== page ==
By ANNE D’INNOCENZIO AP Retail Writer
NEW YORK (AP) — Shares of ThredUp rose more than 40% in their stock market debut Friday, reflecting investor enthusiasm for the online seller of second-hand women’s and children’s clothing.
The stock market debut followed strong investor enthusiasm for Poshmark Inc., whose stock more than doubled to $101.50 valuing the company at $7.4 billion in its showing on Jan. 14. However, Poshmark’s shares have come down more than 60% since then.
Late Thursday, ThredUp’s initial public offering of 12 million shares was priced at $14 apiece, the high end of its estimated range of $12 to $14, according to a statement by the company. That raised about $168 million before underwriting fees. The shares, opened at $18.25 late Friday morning on the Nasdaq Global Select Market under the symbol “TDUP.” Shares closed at $20, giving the company a valuation of roughly $1.85 billion.
“I am thrilled with how the stock is being received, but it’s just one day and we have great years of opportunity in front of us,” said James Reinhart, the co-founder and CEO of ThredUp, during an interview with The Associated Press Friday.
Reinhart said that the proceeds from the initial public offering will be used to invest in software at its facilities, while expanding beyond the U.S. to possibly Europe.
ThredUp’s debut comes as the resale market has remained resilient even during the pandemic, benefiting from shoppers’ accelerated shift online and customers’ steadfast focus on second-hand goods as they become more conscious about the environment. The total resale market reached $28 billion in 2019 and should increase to $64 billion by 2024, according to research from GlobalData commissioned by ThredUp.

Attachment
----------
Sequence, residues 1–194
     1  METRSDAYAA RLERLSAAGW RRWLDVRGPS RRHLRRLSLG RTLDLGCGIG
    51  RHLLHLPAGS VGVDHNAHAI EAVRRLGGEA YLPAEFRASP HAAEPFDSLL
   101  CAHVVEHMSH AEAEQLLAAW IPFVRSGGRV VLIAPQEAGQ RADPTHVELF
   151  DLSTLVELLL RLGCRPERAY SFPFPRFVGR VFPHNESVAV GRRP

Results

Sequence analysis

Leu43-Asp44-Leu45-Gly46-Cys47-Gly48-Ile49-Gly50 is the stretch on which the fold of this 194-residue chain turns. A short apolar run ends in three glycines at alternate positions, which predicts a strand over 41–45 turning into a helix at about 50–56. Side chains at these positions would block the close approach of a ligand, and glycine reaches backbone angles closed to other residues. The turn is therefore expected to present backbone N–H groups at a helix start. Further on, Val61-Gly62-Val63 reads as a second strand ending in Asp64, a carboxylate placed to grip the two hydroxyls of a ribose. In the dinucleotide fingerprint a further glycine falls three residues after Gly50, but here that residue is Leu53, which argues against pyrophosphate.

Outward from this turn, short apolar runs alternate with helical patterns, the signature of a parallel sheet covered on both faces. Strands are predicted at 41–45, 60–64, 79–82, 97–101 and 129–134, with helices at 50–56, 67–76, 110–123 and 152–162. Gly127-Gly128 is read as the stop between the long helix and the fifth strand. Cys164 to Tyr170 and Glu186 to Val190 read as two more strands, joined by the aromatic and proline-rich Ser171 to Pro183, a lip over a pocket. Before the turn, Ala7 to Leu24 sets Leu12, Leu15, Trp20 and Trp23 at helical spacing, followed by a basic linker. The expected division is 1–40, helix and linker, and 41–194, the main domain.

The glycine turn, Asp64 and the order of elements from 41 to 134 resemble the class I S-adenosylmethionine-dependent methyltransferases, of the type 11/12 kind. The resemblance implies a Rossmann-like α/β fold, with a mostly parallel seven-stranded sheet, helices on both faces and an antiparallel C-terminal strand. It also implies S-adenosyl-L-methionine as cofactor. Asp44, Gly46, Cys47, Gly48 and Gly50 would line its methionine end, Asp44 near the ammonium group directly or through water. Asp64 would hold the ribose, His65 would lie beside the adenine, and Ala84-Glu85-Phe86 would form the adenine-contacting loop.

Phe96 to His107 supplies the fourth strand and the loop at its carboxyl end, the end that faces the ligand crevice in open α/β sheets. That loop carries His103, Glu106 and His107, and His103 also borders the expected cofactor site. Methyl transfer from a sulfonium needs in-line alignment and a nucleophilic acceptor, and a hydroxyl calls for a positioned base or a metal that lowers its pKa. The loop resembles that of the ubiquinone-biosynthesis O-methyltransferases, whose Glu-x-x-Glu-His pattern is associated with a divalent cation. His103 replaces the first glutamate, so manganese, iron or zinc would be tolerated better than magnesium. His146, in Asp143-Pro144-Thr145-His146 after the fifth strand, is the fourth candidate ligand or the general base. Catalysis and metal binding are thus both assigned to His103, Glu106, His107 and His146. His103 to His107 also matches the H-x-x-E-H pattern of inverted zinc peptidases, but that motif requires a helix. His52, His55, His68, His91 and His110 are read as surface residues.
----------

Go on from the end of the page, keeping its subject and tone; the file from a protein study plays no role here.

ThredUp, whiich is based in Oakland, California and was founded in 2009, calls itself a “managed” marketplace, for sellers, including managing pricing, merchandising, fulfillment, payments and customer service. With this model, it believes it attracts high-quality supply without directly spending money to acquire sellers.
ThredUp sellers can order a clean out kit, fill it and return it using the company’s prepaid label. ThredUp then takes it and gets it ready for resale. In comparison, Poshmark is a social marketplace where users buy and sell directly with each other and interact.
ThredUP and other third-party resale sites also face increasing competition from brands starting their own resale sites. Andy Ruben, CEO of Trove, which powers the resale business for such iconic names as Levi’s, Patagonia and Eileen Fisher, believes that every brand in the next five years will have its own resale business. He says that 60% of customers who buy used brands are new customers: a good percentage of those end up buying new items from that brand in the next 12 months.
“This is an incredible tool for every brand right now,” Ruben said. He noted that many brands are watching how Poshmark and ThredUp fare as public companies.
Still, experts believe third party sellers and brands’own resale sites can co-exist and thrive.
Since its founding, ThredUp, which features a diverse array of labels from Gucci to Gap, has processed more than 100 million unique secondhand items from 35,000 brands across 100 categories. Its facility has capacity to hold up to 5.5 million items and process up to 100,000 a day. As of Dec. 31, it had 1.2 million active buyers and 428,000 active sellers. The company also has partnerships with 21 retailers including Walmart.
The company’s revenue was $186.0 million in 2020, up 14% over 2019, according to its filing with the Securities and Exchange Commission. Its net loss widened to $47.9 million in 2020, from $38.2 million in 2019.
Reinhart declined to offer AP a specific timeline for when ThredUp will be profitable but he said the “market opportunities are huge.”